Lazy Luddite Log

30.9.13

Timbre

On the weekend I was sitting in a music classroom because it was serving as a changing room for a theatrical production I was in. There were student-made posters on the walls dedicated to particular elements of music – things like tempo and pitch and dynamic. I commented that my favourite was missing – timbre. This is my very layperson musings on the topic.

I once claimed to be a timbre junkie. The waveform of an instrument is distinctive and provides a lot of what distinguishes particular compositions and makes them into an aural banquet. I notice how a lot of the time different musical genres are defined by other characteristics. Some kinds of electronic dance music for instance are defined by Beats Per Minute. If they stray one beat away from the proscribed range do the suddenly become something different? For me a lot of what helps me decide a song is what it is comes from the timbres it exudes. The presence and absence of particular instruments is important to me.

I should clarify that sometimes an instrument can be more than one instrument in terms of timbre. It can be played with a different technique which alters its sound. Or that sound can be distorted differently by amplification and recording. And it can all get rather confusing. I listen to some very old metal songs (the kind many metal fans think is just rock) and can be puzzled as to whether I am isolating an electric guitar or electric organ in my active listening. Or similarly in some old funk or soul I will be confounded as to whether I’m focusing on an electric piano (like the Clavinet) or an electric guitar playing a rhythmic "wakakakaka”. My imprecision comes in part from the fact that all of these produce sound using moving steel parts and electromagnets. And whatever is making these sounds hardly matters as they all sound fantastic.

There are short-comings to my focus on timbre. If someone plays me a cover of a song using markedly different instruments I can have difficulty recognizing it even if the timing and notes are faithful to the original. Is this odd of me? I suspect it is a natural and common thing and I say that because of how important voices are to humans. Every person had a distinct voice and for us as pack animals it is important to recognize them. This gets back to music too – a key way to identify a particular artist is by the sound of the vocalist.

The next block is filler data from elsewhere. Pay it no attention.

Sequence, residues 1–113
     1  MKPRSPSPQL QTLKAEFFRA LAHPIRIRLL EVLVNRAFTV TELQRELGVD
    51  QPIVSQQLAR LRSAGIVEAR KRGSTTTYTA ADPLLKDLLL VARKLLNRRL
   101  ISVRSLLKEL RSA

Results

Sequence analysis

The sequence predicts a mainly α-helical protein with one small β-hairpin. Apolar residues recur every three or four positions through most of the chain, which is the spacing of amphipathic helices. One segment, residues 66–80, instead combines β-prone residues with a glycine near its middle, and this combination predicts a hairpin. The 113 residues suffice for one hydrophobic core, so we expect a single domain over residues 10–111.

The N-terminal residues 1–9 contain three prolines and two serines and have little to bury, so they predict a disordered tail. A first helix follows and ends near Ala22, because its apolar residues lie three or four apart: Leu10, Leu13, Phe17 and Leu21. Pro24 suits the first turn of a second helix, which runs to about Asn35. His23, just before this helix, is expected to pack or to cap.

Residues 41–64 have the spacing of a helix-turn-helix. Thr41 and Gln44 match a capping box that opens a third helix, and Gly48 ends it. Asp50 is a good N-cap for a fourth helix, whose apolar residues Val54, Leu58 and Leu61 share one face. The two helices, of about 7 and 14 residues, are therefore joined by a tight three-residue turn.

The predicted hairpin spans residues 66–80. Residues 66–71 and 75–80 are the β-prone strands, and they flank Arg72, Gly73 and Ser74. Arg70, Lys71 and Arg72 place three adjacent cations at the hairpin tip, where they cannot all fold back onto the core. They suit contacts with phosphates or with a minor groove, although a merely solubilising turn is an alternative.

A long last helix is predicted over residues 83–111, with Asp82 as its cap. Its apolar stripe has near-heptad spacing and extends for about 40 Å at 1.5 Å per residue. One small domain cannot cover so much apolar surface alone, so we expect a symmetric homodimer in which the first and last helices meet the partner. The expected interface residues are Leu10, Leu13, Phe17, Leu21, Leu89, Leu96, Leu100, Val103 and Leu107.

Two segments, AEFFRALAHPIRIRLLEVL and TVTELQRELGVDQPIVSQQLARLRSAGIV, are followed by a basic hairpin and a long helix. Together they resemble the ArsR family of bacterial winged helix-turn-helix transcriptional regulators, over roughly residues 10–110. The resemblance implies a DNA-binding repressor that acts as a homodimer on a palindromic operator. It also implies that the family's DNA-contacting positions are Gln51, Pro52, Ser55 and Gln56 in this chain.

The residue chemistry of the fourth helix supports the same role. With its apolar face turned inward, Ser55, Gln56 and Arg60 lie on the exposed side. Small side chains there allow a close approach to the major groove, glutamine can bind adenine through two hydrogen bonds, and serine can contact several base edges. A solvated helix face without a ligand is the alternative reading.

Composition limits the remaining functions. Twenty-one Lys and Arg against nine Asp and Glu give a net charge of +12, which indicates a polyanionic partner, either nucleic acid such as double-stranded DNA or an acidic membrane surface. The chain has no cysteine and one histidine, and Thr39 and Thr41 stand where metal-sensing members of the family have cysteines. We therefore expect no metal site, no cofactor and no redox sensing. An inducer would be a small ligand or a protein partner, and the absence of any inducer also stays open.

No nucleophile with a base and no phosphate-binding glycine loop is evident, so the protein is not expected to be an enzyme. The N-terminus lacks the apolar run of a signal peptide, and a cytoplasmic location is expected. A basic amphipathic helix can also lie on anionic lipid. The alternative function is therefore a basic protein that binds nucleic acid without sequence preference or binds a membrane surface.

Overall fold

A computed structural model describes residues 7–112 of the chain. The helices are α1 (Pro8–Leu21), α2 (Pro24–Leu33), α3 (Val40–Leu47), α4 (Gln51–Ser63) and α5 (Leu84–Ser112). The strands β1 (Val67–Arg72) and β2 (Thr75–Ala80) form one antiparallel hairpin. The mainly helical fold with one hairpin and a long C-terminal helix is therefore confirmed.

I prefer music produced by ensembles of instruments to a cappella music. Vocals are beautiful and allow for the addition of words to music but I also desire diversity of timbre. As such I prefer a band in which there are both male and female vocalists. Likewise a band that has a guitar and a keyboard is better than one with two guitars. Likewise a band which throws something like a saxophone into the mix gets my attention. I get annoyed if the bass player gets lost between cacophonous guitar and drums – hence production values that allow me to identify all the parts is a preference of mine. And finally this desire to distinguish all the instruments puts a limit on the sheer number of instruments I want to be playing all at once. Few if any bands meet all these descriptions and that is possibly why I listen to lots of various-artist playlists. That way the selection approximates the kind of band I want to listen to.

It is too late for me now to turn this into a project poster and put it on that classroom wall. Also I suspect it is too personal to be deemed informative writing (as well as too sloppy – that was a tiring theatrical weekend). Time now to listen to some more music.

Cross-posted here.

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16.9.13

Omnibus Post

I find walking facilitates thinking. As I wander so does my mind. I can think all sorts of things and in some ways this is nice. In other ways possibly I need to pay more attention to my surroundings. However with a familiar setting like the Scotchman’s Creek I can comfortably switch between musings and observing my tranquil semi-natural environs.

I think of travel as something that can happen from the moment one walks out the door. While I walk along my local creek I am travelling even if I never depart my neighbourhood. It may be familiar but I will sometimes notice new and different things, which is surely what travel is for. However a lot of the time I am thinking idly. Still some of the things I think are new so I’m still exploring that too.

Some of the creek may be at it always was (for a particular definition of “always”). The dirt path runs between gum trees and long grasses while the creek wanders parallel to it. From the track I cannot always see the creek but I can usually hear it if I care to listen. And I imagine I can also feel it in the sense that it is cooler here than back in the suburban streets. Or is that just the effect of all these shady trees?